“Freedom” is a fallacy… The very concept of a free society has slipped from the grasp of the citizenry. The erosion of our rights has been taking place since the inception of the original Bill. The population is indoctrinated to believe that these once great United States are a free society. The very concept has been so perverted that even the North Koreans mock and make jokes of our hypocritical notions of Free Men of a Free Society. The yoke of tyranny has been placed and slowly tightened for so long that we as Americans have come to accept it as inevitable.

  11. los Says:

    They were just showing this technology on the Today show this morning. I didn’t catch the whole thing, but the device does not “see” as a camera. SInce it is radar is shows digital signatures..like a graph kinda that shows breathing motions, etc. So, they can tell that someone is there and possibly pinpoint the location, but not see that it is the person they are looking for..just that it is a person. Still wrong, but not something that allows “peeping tom” perversion.
    And, like a poster above states..if they are showing us this, what do they have that they are not showing us? The military is light years more advanced than what is on the market..always have been. How much of that is bleeding down to federal law enforcement? That is the scary part.

  12. Big Jim, Whittier Says:

    Shit, You mean I have to put the foil back up, I had hoped those days were over. On the bright side great turn out the COC Meeting/Party Fear No One and Fuck the Iron Order by the way a no show at COC

  13. Road Whore Says:

    I’m worried about all of it, and it grows exponentially.

    I have watched several documentaries about the technology and surveillance states, and the capabilities of these technologies are beyond belief. If anyone chooses to continue to delude themselves by thinking that such things aren’t possible then they are wrapped in a thought style that belongs to the horse and buggy era.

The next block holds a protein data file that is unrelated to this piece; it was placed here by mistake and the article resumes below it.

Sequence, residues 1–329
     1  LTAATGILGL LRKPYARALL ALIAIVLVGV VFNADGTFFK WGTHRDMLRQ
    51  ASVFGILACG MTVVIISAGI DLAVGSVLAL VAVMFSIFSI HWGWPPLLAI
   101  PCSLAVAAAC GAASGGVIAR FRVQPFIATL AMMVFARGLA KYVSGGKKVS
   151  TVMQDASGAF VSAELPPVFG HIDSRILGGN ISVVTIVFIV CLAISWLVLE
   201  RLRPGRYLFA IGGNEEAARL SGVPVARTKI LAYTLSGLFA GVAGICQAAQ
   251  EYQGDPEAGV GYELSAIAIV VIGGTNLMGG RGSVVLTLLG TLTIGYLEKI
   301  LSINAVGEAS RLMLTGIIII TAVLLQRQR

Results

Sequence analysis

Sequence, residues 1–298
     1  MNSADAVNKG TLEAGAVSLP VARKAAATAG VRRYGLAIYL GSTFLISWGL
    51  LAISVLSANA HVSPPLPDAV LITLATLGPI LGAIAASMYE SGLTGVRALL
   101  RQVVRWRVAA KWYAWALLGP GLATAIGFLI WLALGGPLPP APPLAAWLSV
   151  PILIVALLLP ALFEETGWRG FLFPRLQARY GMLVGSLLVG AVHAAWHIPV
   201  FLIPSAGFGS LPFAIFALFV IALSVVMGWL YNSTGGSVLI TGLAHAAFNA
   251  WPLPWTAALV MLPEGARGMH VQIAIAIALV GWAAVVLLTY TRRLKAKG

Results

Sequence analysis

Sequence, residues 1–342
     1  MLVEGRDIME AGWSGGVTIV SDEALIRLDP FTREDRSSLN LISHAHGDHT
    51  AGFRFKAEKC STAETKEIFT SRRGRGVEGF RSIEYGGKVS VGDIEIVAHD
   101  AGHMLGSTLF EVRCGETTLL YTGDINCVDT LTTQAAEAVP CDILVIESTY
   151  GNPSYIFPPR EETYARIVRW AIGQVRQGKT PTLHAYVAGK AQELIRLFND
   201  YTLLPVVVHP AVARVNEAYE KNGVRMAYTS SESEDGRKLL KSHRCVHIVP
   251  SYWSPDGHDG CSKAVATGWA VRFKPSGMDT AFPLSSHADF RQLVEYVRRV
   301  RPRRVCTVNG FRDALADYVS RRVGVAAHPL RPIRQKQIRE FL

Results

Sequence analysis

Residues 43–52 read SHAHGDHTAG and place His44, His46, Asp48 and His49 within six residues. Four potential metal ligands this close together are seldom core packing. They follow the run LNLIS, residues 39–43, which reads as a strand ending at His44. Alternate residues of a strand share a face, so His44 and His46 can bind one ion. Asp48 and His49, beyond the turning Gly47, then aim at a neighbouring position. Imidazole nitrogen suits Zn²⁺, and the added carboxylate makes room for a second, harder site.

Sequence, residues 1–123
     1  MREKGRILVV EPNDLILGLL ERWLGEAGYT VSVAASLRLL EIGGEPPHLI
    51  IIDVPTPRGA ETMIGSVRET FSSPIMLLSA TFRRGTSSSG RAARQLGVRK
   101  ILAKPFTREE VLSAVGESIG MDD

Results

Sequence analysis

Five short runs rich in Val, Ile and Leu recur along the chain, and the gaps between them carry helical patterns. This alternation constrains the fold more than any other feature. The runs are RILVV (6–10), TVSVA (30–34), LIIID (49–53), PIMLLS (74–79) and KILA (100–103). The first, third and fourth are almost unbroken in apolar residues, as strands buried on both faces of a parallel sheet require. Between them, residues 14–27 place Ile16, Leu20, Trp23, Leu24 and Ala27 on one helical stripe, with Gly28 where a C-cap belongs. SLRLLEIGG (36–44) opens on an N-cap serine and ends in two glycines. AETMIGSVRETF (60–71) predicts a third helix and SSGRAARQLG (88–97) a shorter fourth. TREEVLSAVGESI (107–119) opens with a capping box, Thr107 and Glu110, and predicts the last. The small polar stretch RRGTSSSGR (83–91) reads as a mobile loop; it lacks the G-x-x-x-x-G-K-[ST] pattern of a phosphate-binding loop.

Most disturbing to me is that if, in these documentaries, they are willing to reveal to us and let us see mind-blowing, unbelievable technology then that means that what they are not choosing to show us is light years ahead of what has been revealed. I.E. we are fucked beyond that which we think we know.

    Ride Free

  14. Paladin Says:

    I guess my tinfoil hat will come in handy, as I sit and contemplate the hysterical notion that “a man’s home is his castle.”

    Long may You Ride (to those that deserve to),


  15. Tooj Says:

    Well, if they come watch the old lady and I get it on, they may learn something about fucking the right way instead of this kind.

  16. Viking trotter Says:

    Back in 1998. LA Times I believe ran an article about how the FBI, Border Patrol and DEA were conducting radar overlooks into people’s homes using a progenitor of this tech in helicopters in the SoCal area. Under the precursor to fight terrorism. I guess this is the little brother of that tech. The common defeat of this tech is metal. In this case, aluminum foil. If you have insulation with thick foil. You may be able to defeat this.

  17. Sieg Says:

    What’s really sad isn’t so much the fact that the Constitution is a dead relic of a better time, it’s that Citizens in 1866 were so much more in-touch with their rights and obligations as Citizens of a Constitutional Republic that they were outraged by the possibilities of a standing army and its’ use as an enforcement tool by the ruling elites.

    (believe me yet?)

  18. Anonymous Says:

    I’m more worried about the Argus cameras being mounted on unmanned drones.

    What is Argus? It’s a 1.8 billion giga pixel camera that has a viewing range large enough to see everything in a medium sized city all at once. With the included software the camera can track and record moving objects based on size, direction, and speed.

    With a fleet of these drones you could watch and catalogue the movements of an entire city non-stop.

    Combine these with wire taps, internet, and other modes of government surveillance and you pretty much get “Omnipotence”. And I mean that in the sense of being able to see and hear everything, everywhere. It’s mind blowing to me that technology has or is about to make Omnipotency possible.

    Source: http://youtu.be/QGxNyaXfJsA

  19. popeye Says:

    I can see cops getting off on using this to watch teen girls get dressed and shower. Or peep in on couples having sex. This is way too much of an intrusive tool to put in the hands of idiots.